by Jarrett Hoffman
The 19th Amendment to the U.S. Constitution was ratified in August of 1920, and leading up to the 100th anniversary of that event, the Akron Symphony is highlighting six women composers through a project called “Stand Beside Her.”
I spoke to concertmaster Tallie Brunfelt and principal horn Meghan Guegold — who will both be featured as soloists in the Orchestra’s November 16 concert — and asked what this programming initiative means to them.
“I’m just so thrilled that the ASO is doing this, especially in light of the centennial,” Brunfelt said by telephone. Being a woman at her position in the Orchestra makes this project all the more exciting for her. “There aren’t many female concertmasters, and I think representation and visibility are extraordinarily important,” she said.
“To be able to move classical music into the current day and age — to really be representative of everybody — is a great step. I hope that we continue to push the envelope even further and include more women, more people of color, and more unknown works, even if they’re by composers who are well-known.”
To Brunfelt, “Stand Beside Her” is the latest example of Christopher Wilkins’ adventurous programming, which often includes works that have been overlooked. “Throughout my time in the Orchestra, almost every concert has had a piece I’ve never played,” she said. “And sometimes there have been pieces that I’ve never even heard of. I think that’s a really brave thing for a small organization like the Akron Symphony to do.”
Guegold is happy that the ASO is showcasing “great music that also happens to be written by women,” she said in an interview. To her, composers like Brahms, Mozart, and Beethoven are programmed for good reason. “We definitely still need to be playing that music,” she said. “But there’s a lot of wonderful music by women that we should absolutely hear too.”
“Stand Beside Her” began last month with a performance of Ethel Smyth’s 1906 Overture to The Wreckers, which Wilkins discussed in a previous article. The project continues on Saturday, November 16 at 8:00 pm at E.J. Thomas Hall with a work by Guggenheim Fellowship recipient and Latin Grammy winner Gabriela Lena Frank.
Wilkins and the ASO will open Saturday’s program with “Coqueteos,” the last movement of Frank’s Leyendas: An Andean Walkabout — written for string quartet in 2001 and arranged for string orchestra in 2003. Frank writes that Leyendas was inspired by the idea of cultures coexisting “without the subjugation of one by the other.”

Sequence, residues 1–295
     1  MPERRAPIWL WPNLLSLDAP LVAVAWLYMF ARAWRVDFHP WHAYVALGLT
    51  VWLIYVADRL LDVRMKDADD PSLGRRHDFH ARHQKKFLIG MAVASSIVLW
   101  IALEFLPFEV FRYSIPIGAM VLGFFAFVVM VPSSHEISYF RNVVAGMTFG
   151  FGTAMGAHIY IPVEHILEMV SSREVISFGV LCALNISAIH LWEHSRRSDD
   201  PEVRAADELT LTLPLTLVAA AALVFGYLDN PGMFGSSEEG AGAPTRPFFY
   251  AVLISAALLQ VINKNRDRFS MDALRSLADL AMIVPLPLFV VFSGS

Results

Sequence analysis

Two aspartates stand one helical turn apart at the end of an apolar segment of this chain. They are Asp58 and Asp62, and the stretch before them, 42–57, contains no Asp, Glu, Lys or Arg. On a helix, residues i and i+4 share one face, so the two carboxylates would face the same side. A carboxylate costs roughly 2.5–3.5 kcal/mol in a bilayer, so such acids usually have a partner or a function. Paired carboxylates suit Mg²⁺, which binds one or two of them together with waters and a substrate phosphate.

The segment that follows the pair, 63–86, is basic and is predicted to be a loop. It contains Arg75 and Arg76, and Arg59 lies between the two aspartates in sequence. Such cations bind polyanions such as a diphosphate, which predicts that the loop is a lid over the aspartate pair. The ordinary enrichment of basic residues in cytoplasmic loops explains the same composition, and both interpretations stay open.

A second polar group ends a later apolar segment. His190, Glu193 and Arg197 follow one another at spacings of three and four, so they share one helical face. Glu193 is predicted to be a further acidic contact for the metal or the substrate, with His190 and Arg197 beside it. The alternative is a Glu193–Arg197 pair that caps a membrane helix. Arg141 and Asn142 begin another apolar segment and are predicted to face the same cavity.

As Wilkins said by telephone, “This piece draws on her Peruvian ancestry and has very recognizable folk elements. It’s attractive, appealing, toe-tapping music.”
The Orchestra’s program on March 28 will open with Joan Tower’s Made in America. “It’s wonderful and it’s based on America the Beautiful,” Wilkins said. Tower writes how that theme is met “by other more aggressive and dissonant ideas…Perhaps it was my unconscious reacting to the challenge of how do we keep America beautiful.”
The dance-influenced concert on May 16 includes works by three women composers. Impressions of Cheonmachong, a co-creation of Brooke Jee-in Newmaster and her brother Kyle Newmaster, draws on traditional Korean music. “Brooke created the drumming, the rhythmic elements, and the choreography, and her brother created the orchestration around it,” Wilkins said.
Anna Clyne’s Masquerade will open the evening. “That’s a piece she wrote for the Proms,” Wilkins said, pointing out that she’s been composer-in-residence with the Chicago and Baltimore Symphonies. “She’s widely performed.”
That program will also include the “Juba Dance” and “Finale” from Florence Price’s Symphony No. 1. Wilkins noted that listeners might well be familiar with her music since it’s being programmed more and more. “It isn’t just that she’s an accomplished, forgotten, female composer of color,” he said. “The more people hear her music, the more they want to hear it.”
One non-composer Wilkins pointed out from that program is Alice Blumenfeld, a flamenco dancer who teaches at Oberlin College. “She’s sort of updating the tradition of flamenco,” the conductor said. “I’m really excited about featuring her.”
In a separate article, violinist Tallie Brunfelt and hornist Meghan Guegold discuss the paths their careers have taken, and the Vivaldi and Strauss concertos they’ll play on Saturday, November 16.
Published on ClevelandClassical.com November 11, 2019.
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